One perfectly understands Government’s aim of creating economic growth and attracting greater investment but investment, apart from being based on external factors is dependent on confidence. And confidence is a fickle thing.
In this regard Madam Speaker, I have serious doubts about the revenue forecast of 3.1 billion dollars for next year. We can see that, apart from Government’s intention to borrow 363 million dollars, reduction in deficit is reliant on sale of profitable State assets that the Honourable Finance Minister describes as divesting Government shares. As the saying goes, it is the same difference. Whether you sell or divest shares, it means the same thing.
Madam Speaker, selling off profitable State assets for the purpose of balancing our books or reducing deficit is like selling one’s soul for 30 pieces of silver. Government is proposing to sell three key assets namely our Ports, Fiji Electricity Authority and Airport. It would have made sense if non-profitable State assets, statutory organisations or government commercial companies are sold or government shares divested (as the Finance Minister likes to describe it) to cut State losses and make these organisations more efficient in service delivery.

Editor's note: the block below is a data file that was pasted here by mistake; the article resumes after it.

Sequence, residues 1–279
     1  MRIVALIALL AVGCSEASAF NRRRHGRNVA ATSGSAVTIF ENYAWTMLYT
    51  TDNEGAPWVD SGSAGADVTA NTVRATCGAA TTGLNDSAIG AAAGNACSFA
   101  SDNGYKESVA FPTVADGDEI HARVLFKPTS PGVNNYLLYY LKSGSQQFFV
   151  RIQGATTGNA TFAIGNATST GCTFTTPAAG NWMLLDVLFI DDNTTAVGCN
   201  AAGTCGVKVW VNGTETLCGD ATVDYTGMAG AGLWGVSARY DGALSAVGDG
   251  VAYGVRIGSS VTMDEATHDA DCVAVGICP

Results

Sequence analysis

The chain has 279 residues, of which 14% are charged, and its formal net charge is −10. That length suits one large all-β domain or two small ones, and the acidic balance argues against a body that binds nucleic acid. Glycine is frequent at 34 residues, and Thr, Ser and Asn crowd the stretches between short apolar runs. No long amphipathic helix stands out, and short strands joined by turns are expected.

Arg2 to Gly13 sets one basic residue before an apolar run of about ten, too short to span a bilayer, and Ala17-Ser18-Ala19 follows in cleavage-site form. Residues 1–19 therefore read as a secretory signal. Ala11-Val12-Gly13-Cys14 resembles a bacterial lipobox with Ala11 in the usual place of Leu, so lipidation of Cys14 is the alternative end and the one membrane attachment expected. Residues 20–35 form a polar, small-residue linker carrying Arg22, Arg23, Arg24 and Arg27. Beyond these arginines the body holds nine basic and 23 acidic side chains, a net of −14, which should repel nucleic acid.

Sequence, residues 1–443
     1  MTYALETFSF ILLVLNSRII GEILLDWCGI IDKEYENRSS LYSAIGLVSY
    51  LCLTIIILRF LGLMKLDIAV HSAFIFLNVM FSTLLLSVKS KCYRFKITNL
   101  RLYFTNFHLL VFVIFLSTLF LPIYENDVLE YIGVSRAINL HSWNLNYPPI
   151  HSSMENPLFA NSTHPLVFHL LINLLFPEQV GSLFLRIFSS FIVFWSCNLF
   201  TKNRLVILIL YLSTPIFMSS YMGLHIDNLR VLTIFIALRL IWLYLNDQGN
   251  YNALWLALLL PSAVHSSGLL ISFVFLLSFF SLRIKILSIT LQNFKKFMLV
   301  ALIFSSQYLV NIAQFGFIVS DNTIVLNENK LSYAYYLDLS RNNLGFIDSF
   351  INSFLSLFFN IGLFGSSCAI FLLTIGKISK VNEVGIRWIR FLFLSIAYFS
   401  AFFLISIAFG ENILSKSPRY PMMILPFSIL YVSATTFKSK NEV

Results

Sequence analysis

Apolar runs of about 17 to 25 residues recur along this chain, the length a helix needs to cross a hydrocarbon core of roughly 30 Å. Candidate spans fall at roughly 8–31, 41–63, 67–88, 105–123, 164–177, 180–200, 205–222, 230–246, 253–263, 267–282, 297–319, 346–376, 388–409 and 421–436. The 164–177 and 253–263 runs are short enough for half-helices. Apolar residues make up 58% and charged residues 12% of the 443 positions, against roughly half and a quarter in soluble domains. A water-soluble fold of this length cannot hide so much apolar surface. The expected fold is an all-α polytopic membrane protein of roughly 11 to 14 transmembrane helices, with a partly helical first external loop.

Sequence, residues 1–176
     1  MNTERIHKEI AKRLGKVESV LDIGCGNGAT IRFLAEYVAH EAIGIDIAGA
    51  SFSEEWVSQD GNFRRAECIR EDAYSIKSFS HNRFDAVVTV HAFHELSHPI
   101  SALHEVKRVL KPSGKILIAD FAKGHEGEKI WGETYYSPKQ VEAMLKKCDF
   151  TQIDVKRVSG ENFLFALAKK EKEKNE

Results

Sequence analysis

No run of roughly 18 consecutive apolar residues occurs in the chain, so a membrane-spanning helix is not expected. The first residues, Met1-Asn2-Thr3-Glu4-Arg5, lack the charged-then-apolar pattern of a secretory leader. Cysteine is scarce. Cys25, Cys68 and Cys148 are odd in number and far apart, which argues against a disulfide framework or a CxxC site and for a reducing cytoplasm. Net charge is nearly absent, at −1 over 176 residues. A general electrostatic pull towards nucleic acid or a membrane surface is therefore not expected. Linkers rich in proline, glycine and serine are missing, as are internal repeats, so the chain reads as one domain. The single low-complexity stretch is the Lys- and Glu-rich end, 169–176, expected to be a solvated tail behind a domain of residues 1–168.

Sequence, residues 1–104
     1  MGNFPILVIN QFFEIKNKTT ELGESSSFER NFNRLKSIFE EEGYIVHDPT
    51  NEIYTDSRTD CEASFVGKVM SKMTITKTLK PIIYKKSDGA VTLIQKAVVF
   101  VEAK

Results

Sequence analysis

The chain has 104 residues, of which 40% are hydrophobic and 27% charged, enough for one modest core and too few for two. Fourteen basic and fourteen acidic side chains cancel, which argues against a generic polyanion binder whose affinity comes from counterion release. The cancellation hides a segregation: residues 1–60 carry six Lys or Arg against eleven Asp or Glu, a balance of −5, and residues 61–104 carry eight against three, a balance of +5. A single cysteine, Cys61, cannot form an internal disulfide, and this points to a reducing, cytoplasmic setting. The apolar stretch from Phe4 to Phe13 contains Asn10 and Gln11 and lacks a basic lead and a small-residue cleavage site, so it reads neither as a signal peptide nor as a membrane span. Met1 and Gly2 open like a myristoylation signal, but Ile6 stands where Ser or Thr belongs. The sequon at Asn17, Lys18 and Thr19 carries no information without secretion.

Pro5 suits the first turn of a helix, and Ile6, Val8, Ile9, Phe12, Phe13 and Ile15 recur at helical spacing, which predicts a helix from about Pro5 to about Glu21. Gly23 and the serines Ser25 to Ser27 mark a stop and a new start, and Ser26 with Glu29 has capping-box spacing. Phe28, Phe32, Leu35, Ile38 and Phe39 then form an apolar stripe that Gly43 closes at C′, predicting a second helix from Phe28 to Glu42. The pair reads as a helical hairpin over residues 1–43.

But why sell assets that lay that lays the golden eggs? And what about job security of the workers? The Honourable Finance Minister indicated to Parliament three days ago that talks have already begun on the sale of our Airport. Why the secrecy? Why can’t the Finance Minister tell us who are the interested buyers?